Valuable learning opportunities arise even from a crisis and they will shape the way forward, William & Mary President Katherine A. Rowe said during a virtual community conversation broadcast from the President’s House on March 27.
Complete with a welcome from campus and special guests on hand, Rowe introduced the session as the first in a weekly series of conversations that will run through the next month. The conversations will be a chance for the community to connect on W&M’s response and adaptation surrounding COVID-19, and will feature different guests for each conversation.
The next community conversation is scheduled for Wednesday, April 1, at noon. Rowe will host guest Kelly Crace, associate vice president for health & wellness at William & Mary. Future community conversations will take place every Wednesday at noon through May 13.
In Friday’s opening, Rowe reiterated the university’s goals and recent steps taken to reach them: to safeguard the health of students, faculty and staff; to ensure students complete their classes; to maintain the university’s research and other operations; to do everything possible to support national and global efforts to slow the spread of the disease.
In her welcoming remarks, Rowe thanked W&M’s faculty and staff, most of whom are working remotely, and assured students the university is developing alternate options for the Class of 2020 Commencement. Rowe has said W&M is committed to doing everything it can to have Commencement in person at some point this year.
“As for Commencement 2020, I know this matters so much,” Rowe said. “We will do everything to ensure that it happens in person.”
She spoke about the campus being strangely silent and empty, assuring students that they are missed.
“We know that what we’re doing right now is temporary,” Rowe said. “Although I’m incredibly proud of what we’re accomplishing right now, this is not William & Mary going online for all times coming.”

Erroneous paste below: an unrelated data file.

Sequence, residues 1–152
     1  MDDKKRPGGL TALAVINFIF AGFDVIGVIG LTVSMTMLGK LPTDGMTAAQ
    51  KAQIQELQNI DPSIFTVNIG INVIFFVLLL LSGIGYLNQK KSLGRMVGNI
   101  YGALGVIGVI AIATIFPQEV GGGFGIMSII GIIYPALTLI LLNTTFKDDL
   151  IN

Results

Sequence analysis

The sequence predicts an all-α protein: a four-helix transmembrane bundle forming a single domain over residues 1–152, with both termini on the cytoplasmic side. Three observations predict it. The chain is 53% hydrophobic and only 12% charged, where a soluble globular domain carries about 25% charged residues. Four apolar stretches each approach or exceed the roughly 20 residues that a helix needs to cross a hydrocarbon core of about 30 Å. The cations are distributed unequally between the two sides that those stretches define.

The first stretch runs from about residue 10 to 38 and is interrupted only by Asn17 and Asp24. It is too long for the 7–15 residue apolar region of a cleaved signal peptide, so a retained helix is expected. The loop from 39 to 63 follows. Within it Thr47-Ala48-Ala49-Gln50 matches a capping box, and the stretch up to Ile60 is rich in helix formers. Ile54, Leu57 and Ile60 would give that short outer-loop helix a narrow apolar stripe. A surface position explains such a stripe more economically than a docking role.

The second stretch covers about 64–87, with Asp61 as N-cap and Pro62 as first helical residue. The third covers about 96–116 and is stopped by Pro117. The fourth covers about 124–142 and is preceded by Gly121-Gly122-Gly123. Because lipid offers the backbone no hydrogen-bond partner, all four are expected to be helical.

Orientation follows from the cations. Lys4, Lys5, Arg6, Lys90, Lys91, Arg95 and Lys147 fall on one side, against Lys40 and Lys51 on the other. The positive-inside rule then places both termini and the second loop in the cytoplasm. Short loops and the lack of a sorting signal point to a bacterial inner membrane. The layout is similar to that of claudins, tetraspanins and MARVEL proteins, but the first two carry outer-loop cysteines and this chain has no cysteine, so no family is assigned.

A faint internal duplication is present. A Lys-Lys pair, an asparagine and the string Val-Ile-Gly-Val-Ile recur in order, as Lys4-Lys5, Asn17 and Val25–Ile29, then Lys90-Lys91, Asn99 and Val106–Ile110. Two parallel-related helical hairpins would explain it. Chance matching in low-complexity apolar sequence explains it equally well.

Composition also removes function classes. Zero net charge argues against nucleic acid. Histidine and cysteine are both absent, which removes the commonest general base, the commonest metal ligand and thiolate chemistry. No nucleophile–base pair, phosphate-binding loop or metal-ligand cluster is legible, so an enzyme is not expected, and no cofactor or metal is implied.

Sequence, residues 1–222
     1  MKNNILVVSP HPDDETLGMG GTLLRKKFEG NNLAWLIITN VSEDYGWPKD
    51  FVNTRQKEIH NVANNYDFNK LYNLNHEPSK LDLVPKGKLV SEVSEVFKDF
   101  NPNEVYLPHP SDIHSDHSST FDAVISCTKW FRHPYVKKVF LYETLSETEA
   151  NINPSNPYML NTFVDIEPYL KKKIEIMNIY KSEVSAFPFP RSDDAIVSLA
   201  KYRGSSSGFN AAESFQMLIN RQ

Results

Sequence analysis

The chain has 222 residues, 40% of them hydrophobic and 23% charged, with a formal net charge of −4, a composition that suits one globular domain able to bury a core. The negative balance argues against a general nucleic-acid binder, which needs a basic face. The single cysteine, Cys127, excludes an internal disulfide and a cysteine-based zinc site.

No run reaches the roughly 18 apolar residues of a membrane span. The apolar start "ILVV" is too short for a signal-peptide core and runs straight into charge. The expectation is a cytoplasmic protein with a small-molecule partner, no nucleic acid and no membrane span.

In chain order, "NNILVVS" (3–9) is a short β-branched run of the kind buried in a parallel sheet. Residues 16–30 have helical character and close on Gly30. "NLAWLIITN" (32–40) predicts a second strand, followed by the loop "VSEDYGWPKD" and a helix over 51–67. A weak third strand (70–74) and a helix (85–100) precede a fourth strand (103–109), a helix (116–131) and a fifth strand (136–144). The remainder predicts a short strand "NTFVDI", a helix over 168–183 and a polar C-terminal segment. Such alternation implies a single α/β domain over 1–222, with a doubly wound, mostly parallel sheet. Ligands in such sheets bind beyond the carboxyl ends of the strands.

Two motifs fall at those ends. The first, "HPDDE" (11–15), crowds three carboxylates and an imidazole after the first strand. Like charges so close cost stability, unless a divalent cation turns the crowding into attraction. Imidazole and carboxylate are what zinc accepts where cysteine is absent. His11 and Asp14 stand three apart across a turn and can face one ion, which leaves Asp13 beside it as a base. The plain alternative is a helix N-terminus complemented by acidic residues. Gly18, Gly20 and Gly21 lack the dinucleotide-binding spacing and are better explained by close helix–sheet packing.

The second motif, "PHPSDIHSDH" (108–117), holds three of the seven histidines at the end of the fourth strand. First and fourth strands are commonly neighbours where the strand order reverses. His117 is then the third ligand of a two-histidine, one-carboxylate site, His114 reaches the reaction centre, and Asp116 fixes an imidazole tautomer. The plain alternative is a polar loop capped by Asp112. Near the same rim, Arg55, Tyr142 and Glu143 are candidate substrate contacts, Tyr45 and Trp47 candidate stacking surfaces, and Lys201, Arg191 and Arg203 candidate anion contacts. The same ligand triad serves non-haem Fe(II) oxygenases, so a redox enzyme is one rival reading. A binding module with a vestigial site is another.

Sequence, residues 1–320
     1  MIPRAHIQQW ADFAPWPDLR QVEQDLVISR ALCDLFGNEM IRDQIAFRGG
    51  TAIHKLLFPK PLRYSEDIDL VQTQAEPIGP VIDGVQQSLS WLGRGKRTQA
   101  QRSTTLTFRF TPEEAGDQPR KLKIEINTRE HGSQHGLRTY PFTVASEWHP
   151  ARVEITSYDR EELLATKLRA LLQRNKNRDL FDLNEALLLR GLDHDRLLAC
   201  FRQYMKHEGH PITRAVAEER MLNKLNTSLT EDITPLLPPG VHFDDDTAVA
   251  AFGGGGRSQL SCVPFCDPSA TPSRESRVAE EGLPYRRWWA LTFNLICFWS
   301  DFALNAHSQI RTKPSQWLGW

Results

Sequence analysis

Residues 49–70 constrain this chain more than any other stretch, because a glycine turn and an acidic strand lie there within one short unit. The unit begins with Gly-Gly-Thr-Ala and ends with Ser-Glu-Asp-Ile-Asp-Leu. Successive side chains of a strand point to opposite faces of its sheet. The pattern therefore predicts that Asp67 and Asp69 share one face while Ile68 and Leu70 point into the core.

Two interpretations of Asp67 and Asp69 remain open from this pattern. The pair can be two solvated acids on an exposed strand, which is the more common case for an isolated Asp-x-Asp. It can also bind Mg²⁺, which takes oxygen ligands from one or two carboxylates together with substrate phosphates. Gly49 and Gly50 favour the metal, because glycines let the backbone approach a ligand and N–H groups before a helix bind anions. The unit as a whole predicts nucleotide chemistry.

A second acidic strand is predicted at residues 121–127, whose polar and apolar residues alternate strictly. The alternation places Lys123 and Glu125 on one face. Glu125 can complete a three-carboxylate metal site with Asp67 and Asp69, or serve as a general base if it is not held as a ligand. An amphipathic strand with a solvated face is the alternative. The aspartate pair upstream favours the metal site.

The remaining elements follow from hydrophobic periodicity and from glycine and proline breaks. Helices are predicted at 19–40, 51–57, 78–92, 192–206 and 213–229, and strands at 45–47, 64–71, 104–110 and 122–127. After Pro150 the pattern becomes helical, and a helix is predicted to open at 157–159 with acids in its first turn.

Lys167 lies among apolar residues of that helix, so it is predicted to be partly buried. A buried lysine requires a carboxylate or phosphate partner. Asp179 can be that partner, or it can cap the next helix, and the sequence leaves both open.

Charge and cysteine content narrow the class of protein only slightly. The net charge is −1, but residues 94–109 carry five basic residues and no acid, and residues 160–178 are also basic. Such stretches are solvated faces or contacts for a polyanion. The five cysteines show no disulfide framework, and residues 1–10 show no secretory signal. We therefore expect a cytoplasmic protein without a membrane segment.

Rowe’s guests for the discussion were Student Assembly President Kelsey Vita ’20, Student Assembly Chief of Staff Abhi Chadha ’20, Junior Class President Aria Austin ’21 and faculty members Carrie Dolan, an epidemiologist and assistant professor of kinesiology, and John Swaddle, professor and chair of biology.
They opened by discussing what the first week of remote learning had been like, and themes of flexibility and adaptation emerged. Students gathered online for dinners and lunches using videoconferencing tool Zoom, and Austin’s a cappella singing group had met that way as well, she said.
“Students are really trying to say, this is rough but we’re going to do this together,” Austin said. “That just shows that when we say one Tribe, one family, we mean that even though we’re not on campus.”
Dolan spoke about watching as her area of specialized research, global disease, played out across international news as the pandemic has spread. She has also been through a similar situation before.
“This is very familiar to me,” Dolan said. “I was at Tulane during Hurricane Katrina, and I ended up across the country finishing grad school without my books, without my calculator, without my computer, saying goodbye to my graduation and my runs and my friends.
“And what I know is that a resiliency develops from this. And I see that same resiliency in my students this week online. They are doing things they didn’t think they could do and learning things they didn’t know they could learn. And that’s just going to continue to grow, and they’re going to carry that throughout the rest of their life.”
The amount of innovation that’s going on in such a short period of time is amazing, according to Swaddle, who talked about faculty and students making the pivot to remote learning with tremendous support from campus departments.
“And then also the concern that everyone’s showing for each other,” Swaddle said. “There’s an awful lot of really empathic reaching out of people — the alumni reaching back to the community, too, as well.
“Everyone just turning to each other and saying how can I help? How can I make this better? How can we move forward together? It’s just such a wonderful community to be a part of, to see that kind of positive reaction.”
Asked what surprised them this week, students mentioned the deep human connections that still are evident, changes to the culture of philanthropy and that they are engaging more intentionally with friends.
As part of community building, Swaddle said the biology department is trying to make this semester special for seniors and has been reaching out to them especially for ideas on more ways to connect.
As for advice for students on how to navigate the distance, student leaders suggested making sure to advocate for oneself, seeing vulnerability as something that is good and asking for help from friends or faculty members when its needed.
Other discussion topics included taking time to look at what is going to matter in the actions taken during this time and what could change positively from it. Rowe asked the campus community to continue to send questions to leadership and to keep thinking with her about what can be learned.
“How do we want to remember how we were and how we stood together?” Rowe said.